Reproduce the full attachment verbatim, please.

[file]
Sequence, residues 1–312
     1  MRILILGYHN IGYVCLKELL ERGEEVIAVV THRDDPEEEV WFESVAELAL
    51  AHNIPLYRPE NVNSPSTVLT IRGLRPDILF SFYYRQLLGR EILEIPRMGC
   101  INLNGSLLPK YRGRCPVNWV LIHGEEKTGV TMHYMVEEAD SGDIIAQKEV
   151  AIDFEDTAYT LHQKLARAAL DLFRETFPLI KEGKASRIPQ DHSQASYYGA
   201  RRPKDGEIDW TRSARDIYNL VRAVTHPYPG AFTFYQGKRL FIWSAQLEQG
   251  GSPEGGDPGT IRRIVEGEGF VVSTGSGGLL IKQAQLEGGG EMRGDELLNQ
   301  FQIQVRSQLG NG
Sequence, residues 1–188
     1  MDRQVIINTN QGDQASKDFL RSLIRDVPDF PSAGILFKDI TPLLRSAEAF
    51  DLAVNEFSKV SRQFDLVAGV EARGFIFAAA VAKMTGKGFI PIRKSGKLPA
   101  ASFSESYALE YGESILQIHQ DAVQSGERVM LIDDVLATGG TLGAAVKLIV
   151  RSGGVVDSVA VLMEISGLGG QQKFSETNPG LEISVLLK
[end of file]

Sequence, residues 1–312
     1  MRILILGYHN IGYVCLKELL ERGEEVIAVV THRDDPEEEV WFESVAELAL
    51  AHNIPLYRPE NVNSPSTVLT IRGLRPDILF SFYYRQLLGR EILEIPRMGC
   101  INLNGSLLPK YRGRCPVNWV LIHGEEKTGV TMHYMVEEAD SGDIIAQKEV
   151  AIDFEDTAYT LHQKLARAAL DLFRETFPLI KEGKASRIPQ DHSQASYYGA
   201  RRPKDGEIDW TRSARDIYNL VRAVTHPYPG AFTFYQGKRL FIWSAQLEQG
   251  GSPEGGDPGT IRRIVEGEGF VVSTGSGGLL IKQAQLEGGG EMRGDELLNQ
   301  FQIQVRSQLG NG
Sequence, residues 1–188
     1  MDRQVIINTN QGDQASKDFL RSLIRDVPDF PSAGILFKDI TPLLRSAEAF
    51  DLAVNEFSKV SRQFDLVAGV EARGFIFAAA VAKMTGKGFI PIRKSGKLPA
   101  ASFSESYALE YGESILQIHQ DAVQSGERVM LIDDVLATGG TLGAAVKLIV
   151  RSGGVVDSVA VLMEISGLGG QQKFSETNPG LEISVLLK